It is with this recognition of the important role of cross-examination that we view plaintiffs' arguments. We first focus on their arguments regarding inquiry into the expert's annual income from serving as an expert witness. Plaintiffs argue that evidence of an expert's financial interest in the case should be limited to the remuneration received for testifying (1) in a particular case, (2) for a particular party, or (3) for a particular party's attorney. They point to cases in which we have allowed such inquiries (see, e.g., Sears v. Rutishauser (1984), 102 Ill.2d 402; Chicago City Ry. Co. v. Handy (1904), 208 Ill. 81), and argue that such cases prescribe the limits of such a line of inquiry. They contend that an extension of these cases would bring before the jury information which is of only minimal probative value and which is confusing and highly inflammatory. Defendant responds that this case is analogous to Sears. He contends that no pertinent distinction can be drawn between allowing an expert to be cross-examined regarding other employment by an attorney for a party (as was allowed in Sears) and allowing an expert to testify regarding other employment by the witness referral service through which he became involved in the instant case.
We believe that the questions regarding Dr. Martins' income which are at issue here were permissible, and we do not base our conclusion on the strict analogy to the facts in Sears suggested by defendant. Rather, we reach our decision based on an appreciation of the fact that the financial advantage which accrues to an expert witness in a particular case can extend beyond the remuneration he receives for testifying in that case. A favorable verdict may well help him establish a "track record" which, to a professional witness, can be all-important in determining not only the frequency with which he is asked to testify but also the price which he can demand for such testimony. We find pertinent the following commentary from a recent annotation:
"That an expert in a particular field may be in effect a `professional witness' in lawsuits, rather than being more or less exclusively a practitioner whose employment in a lawsuit as a witness is merely incidental to his or her profession, is a matter which is likely to bear on the credibility of that expert, since a significant portion of the expert's livelihood may thus depend on his or her desirability as a favorable and convincing witness, thus possibly leading to a temptation for the witness to color findings and testimony to suit the needs of the proponent party, rather than to evaluate and present the subject matter of the testimony with complete impartiality." (39 A.L.R.4th 742, 746 (1985).)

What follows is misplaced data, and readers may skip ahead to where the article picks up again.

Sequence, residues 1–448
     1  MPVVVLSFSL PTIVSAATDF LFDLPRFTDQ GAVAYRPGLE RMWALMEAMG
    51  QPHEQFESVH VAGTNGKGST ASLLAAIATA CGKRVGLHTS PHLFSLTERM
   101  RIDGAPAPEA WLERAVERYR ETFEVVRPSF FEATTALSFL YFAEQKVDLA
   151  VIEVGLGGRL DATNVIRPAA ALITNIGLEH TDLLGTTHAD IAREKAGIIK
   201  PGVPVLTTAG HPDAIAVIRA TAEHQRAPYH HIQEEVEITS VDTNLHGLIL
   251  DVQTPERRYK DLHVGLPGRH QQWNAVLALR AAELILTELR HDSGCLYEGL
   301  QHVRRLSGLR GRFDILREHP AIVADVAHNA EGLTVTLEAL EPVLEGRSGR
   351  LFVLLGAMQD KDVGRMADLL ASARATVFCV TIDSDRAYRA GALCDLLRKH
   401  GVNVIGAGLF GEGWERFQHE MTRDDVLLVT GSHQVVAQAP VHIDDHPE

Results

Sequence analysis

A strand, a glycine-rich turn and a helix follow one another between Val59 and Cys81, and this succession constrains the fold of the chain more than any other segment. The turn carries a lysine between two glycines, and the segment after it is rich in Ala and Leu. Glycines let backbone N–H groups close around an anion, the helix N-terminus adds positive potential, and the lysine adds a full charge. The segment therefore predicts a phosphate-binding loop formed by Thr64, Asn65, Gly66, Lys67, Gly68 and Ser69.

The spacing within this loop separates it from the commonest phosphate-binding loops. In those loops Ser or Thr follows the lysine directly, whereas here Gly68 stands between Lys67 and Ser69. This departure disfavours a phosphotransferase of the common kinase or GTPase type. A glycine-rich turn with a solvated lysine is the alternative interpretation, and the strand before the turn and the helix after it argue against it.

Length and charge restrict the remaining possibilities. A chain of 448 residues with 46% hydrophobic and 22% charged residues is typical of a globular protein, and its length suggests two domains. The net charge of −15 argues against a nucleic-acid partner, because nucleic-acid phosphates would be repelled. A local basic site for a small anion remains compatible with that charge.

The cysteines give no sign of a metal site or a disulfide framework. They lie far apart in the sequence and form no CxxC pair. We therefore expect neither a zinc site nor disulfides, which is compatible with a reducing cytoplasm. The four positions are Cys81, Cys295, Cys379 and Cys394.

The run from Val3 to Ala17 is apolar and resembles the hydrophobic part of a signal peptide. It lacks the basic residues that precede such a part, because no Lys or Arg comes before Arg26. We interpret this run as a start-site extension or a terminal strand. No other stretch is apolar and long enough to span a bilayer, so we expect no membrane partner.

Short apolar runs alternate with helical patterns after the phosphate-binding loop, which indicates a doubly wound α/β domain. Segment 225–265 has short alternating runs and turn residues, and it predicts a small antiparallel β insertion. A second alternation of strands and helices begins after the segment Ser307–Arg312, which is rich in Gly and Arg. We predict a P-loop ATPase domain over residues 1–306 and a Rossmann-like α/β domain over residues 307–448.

We thus find that it was proper to inquire how much Dr. Martins was earning annually from services relating to rendering expert testimony, and we find no impropriety in inquiring into such income for the two years immediately preceding trial.
Plaintiff contends that by permitting opposing counsel to cross-examine an expert regarding his annual income from working as an expert witness, we will be injecting into trials extensive testimony regarding collateral issues. Plaintiffs contend that when an expert is cross-examined regarding his annual income from testifying, the party presenting the expert witness will then be compelled to present extensive evidence as to the reasonableness of the fees charged. We recognize that when evidence of a particular matter is introduced, and a party will be unfairly prejudiced if not given the opportunity to respond to such testimony, generally a response must be permitted. (See, e.g., Norton v. Clark (1912), 253 Ill. 557; O'Rourke v. Sproul (1909), 241 Ill. 576.) However, we are not convinced that testimony regarding an expert witness' income from serving as an expert witness will necessitate a lengthy and detailed "rehabilitation." Evidence that a witness makes substantial income from testifying does not necessarily imply that his fees are unreasonable, but such evidence does illuminate the financial interest the expert has in giving such testimony. We think that an explanation by the witness as to how he determines his fees (such as with regard to fees charged by his colleagues for rendering testimony in similar matters) should be sufficient in most situations to avoid unfair prejudice. An evaluation of the extent to which such rehabilitation testimony should be permitted must be left largely to the circuit court to decide on a case-by-case basis, weighing both the need to explain the reasonableness of the fees as well as the need to avoid confusion of issues and undue delay of the trial. Moreover, recognizing the impracticability of permitting extensive testimony and counter-testimony regarding the reasonableness of an expert's income from trial-related work, we nevertheless find it preferable to introduce evidence of income from such matters and limit a discussion as to its reasonableness than to withhold from the jury the knowledge that the witness derives substantial income annually by serving as an expert witness.